This is very interesting, although we are nowhere near needing to engineer dilithium crystals to contain the awesome power of Warp Drive™ technology. But still, it must be fun to be a physicist with real, actual, measurable antimatter to play with.
If you haven’t seen them already, check out the Viking kittens. “Fear them, for they are mighty.”
(Warning: Flash animation with audio component. Don’t try this at work if you’re in a Dilbert zone.)
This time for sure!
Our six angelfish are still happily frolicking in the (now crowded) community tank. That would be our original pair, their two children that we saved, and two new (white blushing) angels that we bought.
So far, the two we saved have both turned out to be female, giving us one male, three females, and two still unsexed. I’m hoping that we have at least one male with the new angels; I’d like to see what a cross between the blushing and the light marble looks like.
No pictures of our fish, but Angels Plus has some examples I can borrow.
Our Papa Angel:
He looks almost exactly like this, except he’s got a damaged top fin and is missing one of his trailers. But we love him anyway.
Our Big Mama Angel:
She also has a damaged top fin. But I can’t get rid of her; she’s our first angelfish. She actually lost her entire top fin to fin rot, and I thought she was a goner. But, with a little treatment she recovered, and actually regrew her top fin! I was so impressed. Unfortunately, I think one of the other fish picked on her while it was growing back, so it came in bent.
The Next Generation:
Our one daughter looks just like Mom (without the fin damage, of course). The other one is a heterozygous marble, with a very nice silver/black pattern. I can’t find a good match, but she’s something like this:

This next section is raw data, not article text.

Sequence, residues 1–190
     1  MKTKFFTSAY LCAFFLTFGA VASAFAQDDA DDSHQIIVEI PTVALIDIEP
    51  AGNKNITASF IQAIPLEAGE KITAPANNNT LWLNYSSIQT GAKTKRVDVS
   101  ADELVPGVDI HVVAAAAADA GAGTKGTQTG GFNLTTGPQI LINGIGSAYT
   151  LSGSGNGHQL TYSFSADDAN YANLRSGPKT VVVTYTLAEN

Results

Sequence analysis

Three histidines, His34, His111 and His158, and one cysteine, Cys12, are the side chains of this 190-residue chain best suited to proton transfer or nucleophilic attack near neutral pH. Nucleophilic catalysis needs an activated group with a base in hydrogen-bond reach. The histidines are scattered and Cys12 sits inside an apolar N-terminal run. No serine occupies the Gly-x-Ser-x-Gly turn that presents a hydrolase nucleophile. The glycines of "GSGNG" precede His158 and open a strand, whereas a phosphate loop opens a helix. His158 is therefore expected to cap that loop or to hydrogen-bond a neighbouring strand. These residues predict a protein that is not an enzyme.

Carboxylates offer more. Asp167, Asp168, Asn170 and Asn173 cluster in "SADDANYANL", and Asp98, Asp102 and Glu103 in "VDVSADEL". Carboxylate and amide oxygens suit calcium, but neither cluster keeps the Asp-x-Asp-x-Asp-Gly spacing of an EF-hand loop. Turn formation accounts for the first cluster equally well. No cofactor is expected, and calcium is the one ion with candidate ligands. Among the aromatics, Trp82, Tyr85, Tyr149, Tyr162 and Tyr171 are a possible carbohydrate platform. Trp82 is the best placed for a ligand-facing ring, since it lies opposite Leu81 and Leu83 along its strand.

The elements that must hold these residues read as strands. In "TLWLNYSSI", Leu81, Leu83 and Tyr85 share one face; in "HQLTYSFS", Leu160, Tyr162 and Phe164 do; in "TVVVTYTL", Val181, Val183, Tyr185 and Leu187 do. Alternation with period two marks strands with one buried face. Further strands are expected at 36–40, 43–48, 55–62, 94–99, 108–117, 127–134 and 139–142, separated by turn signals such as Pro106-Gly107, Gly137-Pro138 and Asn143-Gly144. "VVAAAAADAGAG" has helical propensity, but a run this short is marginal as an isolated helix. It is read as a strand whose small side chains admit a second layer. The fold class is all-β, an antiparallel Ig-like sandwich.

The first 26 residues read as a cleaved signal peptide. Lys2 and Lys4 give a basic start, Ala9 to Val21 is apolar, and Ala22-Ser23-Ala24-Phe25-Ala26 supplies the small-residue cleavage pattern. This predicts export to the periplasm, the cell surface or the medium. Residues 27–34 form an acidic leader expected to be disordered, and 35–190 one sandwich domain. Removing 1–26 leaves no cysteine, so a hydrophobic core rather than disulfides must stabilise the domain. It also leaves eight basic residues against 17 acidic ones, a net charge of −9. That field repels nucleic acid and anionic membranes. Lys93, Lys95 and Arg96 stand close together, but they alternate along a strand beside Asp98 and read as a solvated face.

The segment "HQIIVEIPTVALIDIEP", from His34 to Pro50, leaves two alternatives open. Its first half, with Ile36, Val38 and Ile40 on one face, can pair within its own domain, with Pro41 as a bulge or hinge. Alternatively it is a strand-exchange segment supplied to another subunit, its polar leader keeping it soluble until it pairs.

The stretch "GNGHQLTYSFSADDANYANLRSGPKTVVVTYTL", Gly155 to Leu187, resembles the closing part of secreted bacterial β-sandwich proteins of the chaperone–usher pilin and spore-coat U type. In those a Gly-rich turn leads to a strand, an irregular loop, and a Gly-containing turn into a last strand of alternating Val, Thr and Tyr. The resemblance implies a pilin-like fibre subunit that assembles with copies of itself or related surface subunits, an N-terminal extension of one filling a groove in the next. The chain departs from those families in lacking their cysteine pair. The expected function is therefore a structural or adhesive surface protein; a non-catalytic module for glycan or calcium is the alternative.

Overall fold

except with a bit more silver to her pattern, and without the blushing.
I had a tough time finding a picutre, but Google came through:
Ours have a more distinctly white body with black fins, and the blushing is not quite as pronounced.
That’s two posts that Blogger has eaten!
Evangelize with the Dark Side!
“I find your lack of faith … disturbing“.
(via Antiwar.com and the morning news …)
The Post headline is slightly misleading; according to the sources, N. Korea has admitted to having a nuclear weapons program, not to having live nukes. Still troubling, though … especially since our president has put his and the nations credibilty on the line regarding the “axis of evil” and WMD.
And I can just think of one word that describes trying to wage war and occupy territory in Central Asia (Afghanistan), the Middle East (Iraq), and East Asia (N. Korea) simultaneously:
Last Sunday, the Ann Arbor News ran an article Skipping school with mom and dad’s help about some local “unschoolers”. They had many nice things to say about Clonlara School also. (Clonlara supports off-site students — in other words, on paper you look like a private school student, you just happen to be educating at home.)
I’m ambivalent regarding “unschooling” — we tend to lean toward that camp, yet I do think that some structure and guidance is necessary. And I’m impressed by what I’ve read so far about homeschooling with a classical curriculum (mainly The Well-Trained Mind).
Ob. Geek Stuff
I love my new job. For the first time in I-don’t-know-how-long, I actually got to spend the bulk of the day programming. And lo, it was fun to get code that worked at the end of it all.
Of course, soon I’ll be back to abstract design, requirements, test cases, etc. It’s a dirty job, but somebody’s got to do it.
Observations for the day:
- Java is still evil, but I’m getting a taste for it anyway.
- Eclipse is incredibly cool, although it needs more “for dummies” documentation.
- Java and XML actually do play together almost as nicely as advertised. If you ignore the part about beating your head against a brick wall until it all starts to make sense first …
- SAX is very, very nice. Once you figure out how to actually get it to parse your document at all, that is — but after that, it was a piece of cake to use, even for a Java novice like myself.
- Oh, and JUnit rocks. Don’t program in Java without it.
In the “I can’t believe this isn’t a parody” department, I was just handed one of those little restaurant-style sugar packets. In large type, it proclaims “Pure Cane Sugar”. In slightly smaller type underneath, it advises “Sugar Contains no Fat”.